Teachers are the experts about what needs to happen in the classroom and they need to be in on all the decisions. Top-down decisions are not in the best interest of students and teachers. I am in favor of local control rather than some corporation or bureaucrat telling us what to do and how many minutes we have to do it.

How do you exercise local control? You can still meet standards but still make decisions about what to teach, how to do it and which materials to use. There are children for whom you can have all the standards you want but they are just not ready and we need to the freedom to teach to where they are developmentally.

I think that there are excellent teachers in this district and I am continually amazed at what they are able to accomplish in their classrooms. I think teachers are frustrated with some of the top down decisions that are made.

My husband had been an ESL teacher; the district decided unanimously on the last choice for curriculum and no one was happy with it. The teachers need to be listened to; they could have chosen a curriculum that was accepted by the state and they were happy to use, but that was not the one they chose.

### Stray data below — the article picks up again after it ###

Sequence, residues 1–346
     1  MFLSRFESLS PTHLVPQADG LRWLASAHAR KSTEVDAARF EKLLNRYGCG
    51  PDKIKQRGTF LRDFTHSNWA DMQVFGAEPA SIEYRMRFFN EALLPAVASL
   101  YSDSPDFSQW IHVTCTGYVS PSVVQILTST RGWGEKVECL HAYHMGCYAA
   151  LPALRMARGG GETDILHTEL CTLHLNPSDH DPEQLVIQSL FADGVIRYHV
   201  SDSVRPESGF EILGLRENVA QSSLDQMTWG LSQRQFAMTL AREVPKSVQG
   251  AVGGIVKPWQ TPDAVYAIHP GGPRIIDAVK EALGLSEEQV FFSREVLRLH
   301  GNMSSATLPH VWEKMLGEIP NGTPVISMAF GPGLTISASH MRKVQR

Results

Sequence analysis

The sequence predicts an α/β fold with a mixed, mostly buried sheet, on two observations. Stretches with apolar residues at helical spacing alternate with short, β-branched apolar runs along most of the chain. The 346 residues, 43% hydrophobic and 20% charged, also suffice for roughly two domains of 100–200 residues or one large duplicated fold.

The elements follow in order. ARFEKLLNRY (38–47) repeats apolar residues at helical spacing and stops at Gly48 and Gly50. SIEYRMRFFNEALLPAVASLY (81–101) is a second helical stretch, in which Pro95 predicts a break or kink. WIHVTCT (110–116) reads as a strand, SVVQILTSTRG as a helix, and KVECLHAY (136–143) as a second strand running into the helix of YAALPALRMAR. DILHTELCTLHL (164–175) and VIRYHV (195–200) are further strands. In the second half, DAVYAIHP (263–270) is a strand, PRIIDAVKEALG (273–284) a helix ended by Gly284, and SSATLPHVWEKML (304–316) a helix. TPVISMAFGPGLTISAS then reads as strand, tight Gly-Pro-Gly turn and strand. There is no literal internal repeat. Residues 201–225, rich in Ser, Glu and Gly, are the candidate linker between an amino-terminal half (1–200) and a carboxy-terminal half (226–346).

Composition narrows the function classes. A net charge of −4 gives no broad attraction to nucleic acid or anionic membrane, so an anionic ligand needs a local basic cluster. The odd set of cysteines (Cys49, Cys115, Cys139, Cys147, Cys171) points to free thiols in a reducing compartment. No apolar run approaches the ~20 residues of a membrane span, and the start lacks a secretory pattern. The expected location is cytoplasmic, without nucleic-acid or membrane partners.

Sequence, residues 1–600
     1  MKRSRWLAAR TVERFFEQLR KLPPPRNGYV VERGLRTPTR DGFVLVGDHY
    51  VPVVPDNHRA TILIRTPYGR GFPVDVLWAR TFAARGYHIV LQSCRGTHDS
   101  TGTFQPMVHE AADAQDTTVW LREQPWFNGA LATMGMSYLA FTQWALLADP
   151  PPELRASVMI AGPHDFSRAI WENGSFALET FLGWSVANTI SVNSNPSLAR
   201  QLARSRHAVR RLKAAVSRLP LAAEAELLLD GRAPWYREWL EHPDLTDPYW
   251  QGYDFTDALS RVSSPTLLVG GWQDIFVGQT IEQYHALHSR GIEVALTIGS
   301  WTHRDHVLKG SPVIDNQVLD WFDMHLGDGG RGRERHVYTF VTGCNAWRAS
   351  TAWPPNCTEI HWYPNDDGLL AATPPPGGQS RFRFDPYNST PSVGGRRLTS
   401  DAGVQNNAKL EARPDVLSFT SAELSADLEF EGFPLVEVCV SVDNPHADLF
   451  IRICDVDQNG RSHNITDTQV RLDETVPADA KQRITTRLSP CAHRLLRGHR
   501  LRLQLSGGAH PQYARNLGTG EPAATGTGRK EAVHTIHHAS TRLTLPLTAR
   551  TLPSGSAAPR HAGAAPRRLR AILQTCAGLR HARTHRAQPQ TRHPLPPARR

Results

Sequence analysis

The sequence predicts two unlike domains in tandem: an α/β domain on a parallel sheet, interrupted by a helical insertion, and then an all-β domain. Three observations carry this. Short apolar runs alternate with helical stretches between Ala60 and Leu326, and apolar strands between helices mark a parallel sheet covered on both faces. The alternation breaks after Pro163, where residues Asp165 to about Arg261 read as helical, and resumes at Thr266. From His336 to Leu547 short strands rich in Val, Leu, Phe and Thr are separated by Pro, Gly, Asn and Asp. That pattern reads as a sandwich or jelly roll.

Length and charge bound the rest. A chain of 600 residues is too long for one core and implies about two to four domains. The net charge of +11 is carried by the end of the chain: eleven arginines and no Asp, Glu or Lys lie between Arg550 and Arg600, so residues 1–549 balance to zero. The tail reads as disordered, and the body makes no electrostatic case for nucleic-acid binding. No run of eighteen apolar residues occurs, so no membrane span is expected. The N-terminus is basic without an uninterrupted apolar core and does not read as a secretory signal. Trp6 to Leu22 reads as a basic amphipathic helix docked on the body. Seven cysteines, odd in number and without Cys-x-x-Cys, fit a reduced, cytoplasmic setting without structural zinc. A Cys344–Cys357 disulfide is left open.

Cascade Locks School:

It makes sense to have the middle schoolers come this way since they'll be going to high school here.

What is your wish for the class of 2026, and what must the district do in the next five years to help them achieve it?

I think it all comes back to adequate funding from the legislature. I have great faith i the teachers of this district. My daughter got such an excellent education here. I have great faith that given adequate funding and adequate class sizes and protection of programs for these kids, but if we continue to erode the funding the way it has been the past several years, it's going to be so difficult for the teachers and the students, and that’s what it comes down to — protecting class sizes and programs.

We have to preserve PE and music, clubs, and athletic opportunities. The more diverse experiences we can give our kids; you don’t know how those experiences are going to affect their lives. We have to fight to keep those things alive. Things that we had the benefit of when we went to school, and I want them to be at least as good for the children coming in.

What book are you currently reading?

“How Children Learn,” by John Caldwell Holt

Who inspires you and why?